Last month, entertainment web site pop.com went flop. Pop.com is an interesting story for a number of reasons. First, DreamWorks was behind it. Led by Steven Spielberg, Jeffrey Katzenberg, and David Geffen, DreamWorks is not used to flops. Per movie it grosses more than any other studio. Second, after spending more than $7 million, pop.com never even launched.
Third, one of the key reasons pop.com didn’t launch was because it was determined that creating original, compelling web content on an ongoing basis would be at a cost that didn’t really have a business model.
Quality content is a lot more expensive to create than most people realize. Maintaining a quality web site is also more expensive than many think. Reducing content costs while maintaining quality is a difficult balancing act. However, the viability of many web sites may come down to how well they can manage content costs.
A certain amount of content will always have to be created. However, there are a number of alternative web content generation strategies that can be explored. These include the following:
Readers prefer shorter, snappier content on the web. Summarize the content you already have in other formats, and you have new web content for the reader. This is a significantly cheaper approach than creating content from scratch. You may also summarize content from other web sites or print media, employing the copyright principle of “fair use.” (This is the strategy we employ very effectively at Nua Internet Surveys.)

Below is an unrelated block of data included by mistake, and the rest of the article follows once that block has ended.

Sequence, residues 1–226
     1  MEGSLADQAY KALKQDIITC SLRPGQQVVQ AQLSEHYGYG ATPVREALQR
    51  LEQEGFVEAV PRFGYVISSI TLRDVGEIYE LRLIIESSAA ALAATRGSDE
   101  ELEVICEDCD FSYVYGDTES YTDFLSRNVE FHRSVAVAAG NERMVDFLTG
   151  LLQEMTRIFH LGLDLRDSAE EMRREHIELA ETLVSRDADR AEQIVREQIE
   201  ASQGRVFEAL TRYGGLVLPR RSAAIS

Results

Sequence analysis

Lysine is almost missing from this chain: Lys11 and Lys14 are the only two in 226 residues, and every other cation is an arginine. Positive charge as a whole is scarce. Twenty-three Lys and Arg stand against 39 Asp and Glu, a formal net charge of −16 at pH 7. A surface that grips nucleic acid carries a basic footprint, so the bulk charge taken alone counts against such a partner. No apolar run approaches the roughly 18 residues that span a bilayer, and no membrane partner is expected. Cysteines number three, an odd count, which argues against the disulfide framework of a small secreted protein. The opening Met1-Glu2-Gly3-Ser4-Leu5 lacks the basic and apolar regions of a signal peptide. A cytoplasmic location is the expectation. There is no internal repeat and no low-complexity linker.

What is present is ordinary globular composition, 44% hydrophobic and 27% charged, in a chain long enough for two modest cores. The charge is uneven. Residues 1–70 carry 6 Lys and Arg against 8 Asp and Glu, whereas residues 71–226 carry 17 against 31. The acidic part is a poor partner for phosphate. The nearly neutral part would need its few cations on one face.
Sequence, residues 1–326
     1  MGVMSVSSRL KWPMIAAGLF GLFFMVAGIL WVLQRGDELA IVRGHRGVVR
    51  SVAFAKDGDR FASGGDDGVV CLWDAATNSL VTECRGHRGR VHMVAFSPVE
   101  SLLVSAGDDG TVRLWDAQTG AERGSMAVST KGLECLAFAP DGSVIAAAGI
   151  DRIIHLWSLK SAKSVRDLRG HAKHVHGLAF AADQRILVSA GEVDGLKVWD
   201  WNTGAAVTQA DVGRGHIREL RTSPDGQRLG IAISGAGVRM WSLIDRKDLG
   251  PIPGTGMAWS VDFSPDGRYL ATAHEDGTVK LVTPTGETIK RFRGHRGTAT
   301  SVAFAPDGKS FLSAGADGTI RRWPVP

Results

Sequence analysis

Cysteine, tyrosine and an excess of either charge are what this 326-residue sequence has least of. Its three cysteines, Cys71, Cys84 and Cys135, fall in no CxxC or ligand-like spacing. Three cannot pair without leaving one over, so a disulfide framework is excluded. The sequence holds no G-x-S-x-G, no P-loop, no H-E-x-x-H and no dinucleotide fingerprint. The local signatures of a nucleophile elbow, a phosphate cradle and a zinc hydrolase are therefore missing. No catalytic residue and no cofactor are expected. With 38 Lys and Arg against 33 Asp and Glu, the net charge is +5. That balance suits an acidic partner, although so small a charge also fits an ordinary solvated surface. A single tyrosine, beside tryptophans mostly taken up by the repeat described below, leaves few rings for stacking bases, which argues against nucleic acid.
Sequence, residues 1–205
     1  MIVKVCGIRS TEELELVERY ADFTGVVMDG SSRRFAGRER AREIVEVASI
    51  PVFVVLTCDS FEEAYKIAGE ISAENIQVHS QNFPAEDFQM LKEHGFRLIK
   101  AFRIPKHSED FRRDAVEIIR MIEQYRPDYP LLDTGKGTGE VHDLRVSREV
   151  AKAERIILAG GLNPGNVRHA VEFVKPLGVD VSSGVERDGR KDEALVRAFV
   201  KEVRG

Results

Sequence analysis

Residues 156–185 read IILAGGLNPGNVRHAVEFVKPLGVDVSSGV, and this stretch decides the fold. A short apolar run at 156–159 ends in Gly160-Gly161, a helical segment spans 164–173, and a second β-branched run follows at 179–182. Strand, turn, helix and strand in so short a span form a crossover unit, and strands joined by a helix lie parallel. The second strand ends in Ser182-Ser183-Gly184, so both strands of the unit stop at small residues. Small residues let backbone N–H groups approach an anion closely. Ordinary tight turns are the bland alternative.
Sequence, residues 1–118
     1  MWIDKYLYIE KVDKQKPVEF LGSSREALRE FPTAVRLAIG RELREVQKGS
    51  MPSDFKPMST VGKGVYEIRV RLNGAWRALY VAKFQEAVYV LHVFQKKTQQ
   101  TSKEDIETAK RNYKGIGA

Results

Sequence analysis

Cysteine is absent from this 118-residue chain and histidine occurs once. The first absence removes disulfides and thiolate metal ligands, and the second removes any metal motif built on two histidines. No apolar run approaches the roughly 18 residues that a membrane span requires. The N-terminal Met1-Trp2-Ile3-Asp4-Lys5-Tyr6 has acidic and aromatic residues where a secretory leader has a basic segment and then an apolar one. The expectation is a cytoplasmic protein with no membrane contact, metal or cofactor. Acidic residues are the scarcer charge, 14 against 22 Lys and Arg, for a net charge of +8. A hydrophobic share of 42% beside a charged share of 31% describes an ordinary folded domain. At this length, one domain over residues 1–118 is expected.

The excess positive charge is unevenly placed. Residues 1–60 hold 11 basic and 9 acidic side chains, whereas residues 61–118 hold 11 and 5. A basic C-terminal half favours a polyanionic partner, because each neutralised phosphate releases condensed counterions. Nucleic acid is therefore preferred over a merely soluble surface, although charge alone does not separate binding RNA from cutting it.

The cheapest way of generating web content is by linking. Linking is the foundation on which the web is built. The power of appropriate linking should not be overestimated in an online environment. (Yahoo is just one example of a successful content business built on the linking model.)
However, you need to recognize that linking sends a reader to another web site, so don’t overdo it. From the reader’s point of view, it’s also not a good idea to create too many links. Better to show the reader 3 great resources to link to rather than 30 mediocre ones.
It may be possible to swap content with other web sites that are not in direct competition with you.
If the web site publication requires a substantial amount of new content that the organization presently does not create, then there may be a real case for exploring partnerships. The ideal partner is one that already has some of the content that is required but is not in direct competition with you.
There may well be books and/or reports that can provide valuable content for your web site. It is often cheaper to pay copyright fees for these than to write the content from scratch. There may also be specialized news feeds that are appropriate.
This is among the most cost-effective content of all. Customer-generated content is broadly generated by interactive content tools such as mailing lists, discussion boards, chat, customer reviews, etc. A prime example is Amazon’s approach of getting its readers to write online reviews of the books they have read.
The above strategies are not only cost-effective, but they can provide you with the kind of quality content that builds traffic and brand.